Excavation Strategy.

This is the first season of archaeological excavations on Hill Top, the aim of which is to test theories developed from analysis of recent geophysical and field walking surveys:

Evaluation Trench. A 15m x 2m evaluation trench will be opened on a north/south long axis in the site grid squares highlighted on Attachment 2.  The purpose of this evaluation is to:

  • Investigate the strong high resistance mass anomaly in site grid square D3.
  • Investigate the low resistance are to the immediate north of the high resistance anomaly.
  • Investigate the magnetometry anomaly indicative of a ditch that bounds the north edge of the high resistance mass.
  •  Determine any relationships between the anomalies through dating evidence, any truncations and assemblages.

 

Location.

20181128 SHS - Excavation - Attachment 2

Google Earth image showing Hill Top with site grid overlay and site grid squares +3-B into +3-A identified.

Northstowe Community Excavations

For a total of five weeks at the end of June and into July 2018, a community archaeological excavation was undertaken, with volunteers given the opportunity to work alongside professional field archaeologists from the Cambridge Archaeological Unit (CAU) with their ongoing work on the Phase 2 archaeology, ahead of the new town construction of Northstowe.

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Volunteer site hut and looking NW across part of Phase 2

Just under 60 people signed up to take part in the dig, from 18 year old university students to retired individuals and it was the flexibility of the dig that appealed to a lot of the volunteers, as they were able to attend as many days as they wanted. Some of the volunteers are already living in Northstowe that was part of the Phase 1 excavations, as well as the surrounding villages and people coming from further afield. The timescale of the dig unfortunately coincided with one of hottest heatwaves since the summer of 1976, but everyone persevered (just with perhaps more water and shade breaks!)

The aims of the community excavations were to investigate an unexplored area of large open area site that was ahead of the of the commercial excavations currently being undertaken by CAU site staff and to give the volunteers the chance to learn all aspects of a commercial excavation, including excavation and recording techniques. Matt Wood and Heather Turner of the CAU led the community side of the excavation, but the volunteers were very much included into the site staff team with one volunteer commenting:  “Thank you for the friendly welcome. It was very relaxed and informative. The relaxed atmosphere rubbed off onto the other volunteers – all friendly and happy to share what they had found. There was a good team spirit. And great that I was able to come, even though I was only available for one day.”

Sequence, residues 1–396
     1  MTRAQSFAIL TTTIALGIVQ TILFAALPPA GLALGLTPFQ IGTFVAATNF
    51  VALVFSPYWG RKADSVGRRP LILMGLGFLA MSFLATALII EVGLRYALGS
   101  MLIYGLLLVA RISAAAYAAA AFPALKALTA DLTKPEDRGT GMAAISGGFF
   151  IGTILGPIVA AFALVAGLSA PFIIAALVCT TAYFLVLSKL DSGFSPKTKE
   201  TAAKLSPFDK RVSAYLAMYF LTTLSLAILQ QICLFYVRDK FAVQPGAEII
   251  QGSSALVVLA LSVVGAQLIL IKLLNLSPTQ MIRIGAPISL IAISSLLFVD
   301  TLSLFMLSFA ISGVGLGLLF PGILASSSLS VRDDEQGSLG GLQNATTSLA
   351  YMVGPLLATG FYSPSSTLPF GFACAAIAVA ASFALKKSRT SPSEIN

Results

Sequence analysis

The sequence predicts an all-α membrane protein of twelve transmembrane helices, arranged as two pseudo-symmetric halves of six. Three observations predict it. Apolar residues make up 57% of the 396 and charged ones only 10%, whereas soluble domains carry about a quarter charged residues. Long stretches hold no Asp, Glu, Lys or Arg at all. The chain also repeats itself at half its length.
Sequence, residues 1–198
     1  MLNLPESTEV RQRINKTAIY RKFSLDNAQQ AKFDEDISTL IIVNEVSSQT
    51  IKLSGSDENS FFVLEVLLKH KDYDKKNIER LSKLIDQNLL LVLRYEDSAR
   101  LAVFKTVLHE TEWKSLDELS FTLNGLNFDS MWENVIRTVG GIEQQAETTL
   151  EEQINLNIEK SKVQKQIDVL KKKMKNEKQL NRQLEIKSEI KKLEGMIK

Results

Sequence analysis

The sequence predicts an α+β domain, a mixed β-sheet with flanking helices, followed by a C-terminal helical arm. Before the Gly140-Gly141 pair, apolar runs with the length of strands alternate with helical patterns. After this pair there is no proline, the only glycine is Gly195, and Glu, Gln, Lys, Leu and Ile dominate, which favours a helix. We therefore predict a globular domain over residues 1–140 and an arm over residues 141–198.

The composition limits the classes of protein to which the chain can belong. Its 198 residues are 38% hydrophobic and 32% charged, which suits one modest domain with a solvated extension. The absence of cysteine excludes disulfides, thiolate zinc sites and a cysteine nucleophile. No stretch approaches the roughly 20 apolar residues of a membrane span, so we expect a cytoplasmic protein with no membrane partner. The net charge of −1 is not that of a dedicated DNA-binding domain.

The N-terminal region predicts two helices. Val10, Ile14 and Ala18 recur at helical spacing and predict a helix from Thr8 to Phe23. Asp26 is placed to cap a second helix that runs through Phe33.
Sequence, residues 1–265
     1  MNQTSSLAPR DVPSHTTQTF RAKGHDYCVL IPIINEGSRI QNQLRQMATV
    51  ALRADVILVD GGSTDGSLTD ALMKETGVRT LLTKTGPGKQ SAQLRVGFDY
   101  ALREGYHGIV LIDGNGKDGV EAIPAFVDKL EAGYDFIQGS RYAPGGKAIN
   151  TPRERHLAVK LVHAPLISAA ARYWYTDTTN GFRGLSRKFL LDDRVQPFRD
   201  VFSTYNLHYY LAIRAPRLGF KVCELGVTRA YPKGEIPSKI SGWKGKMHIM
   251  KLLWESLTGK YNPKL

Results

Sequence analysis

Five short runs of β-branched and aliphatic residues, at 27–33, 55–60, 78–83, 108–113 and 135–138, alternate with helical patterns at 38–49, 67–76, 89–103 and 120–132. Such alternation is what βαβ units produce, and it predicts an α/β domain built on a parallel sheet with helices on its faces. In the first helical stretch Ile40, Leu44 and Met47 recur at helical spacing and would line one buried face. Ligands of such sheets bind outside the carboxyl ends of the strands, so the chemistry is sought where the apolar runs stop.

The archaeology consisted of a Late Iron Age (from the 1st century BC) and Roman (mid 1st to mid 5th century AD) farmstead that appears to be connected to a much larger Late Iron Age and Roman settlement, which has been under excavation since October 2016. The core of this excavation focused on the farmstead, with volunteers excavating various features including boundary ditches, pits, trackway systems and internal ditches, many of which yielded an extensive array of artefacts, all of a domestic nature, although no structural evidence has yet been found in this area.

The majority of the finds recovered would have had a personal use to the people who lived here; both plain and decorated pottery fragments were found, with animal bone, a multitude of metal work, including coins with also bone hair pins. There was evidence for small scale butchery having taken place on site, but again this would have likely been for personal use.

The results so far suggest that the settlement was continuously occupied from the Late Iron Age, through to the Late Roman period. These original Iron Age people remained on this site, but became ‘Romanised’ and could have been some of the original Romano-British occupants of the area.

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The current plan of the archaeology at the focus of the community dig

The excavations are of course on-going (but the end of this phase is in sight!) so the full interpretation of the site and the finds are yet to come. The other half of the settlement (the blank area in the bottom of the plan above), is yet to be excavated but will hopefully come up for study next spring – watch this space!

Volunteers were asked to complete feedback forms at the end of their time on site and 99% of the volunteers rated their experience as either ‘excellent’ or ‘very good’. The most enjoyable aspects were recorded as working directly with CAU staff “Working with top class archaeologists and nice people”; “The 1 to 1 instructions with professional archaeologists and meeting other people who enjoy history/archaeology” and “Digging! Also learning from Matt and Heather who are very knowledgeable about this site and generally”. Other enjoyable aspects of the dig were recorded as finding the various artefacts as well as the independent work; “The allocation of features to dig that are individual, enabling a task to be completed through to the end, even when only the odd day on site can be managed”. Others stated they enjoyed “finding a brooch fragment, but also being part of the team”, “[I enjoyed] interpreting interesting ditches and features”, “Really everything, actual digging and learning a bit about the recording procedure” and “Being allowed to excavate alone/with people when needed and meeting like minded people”.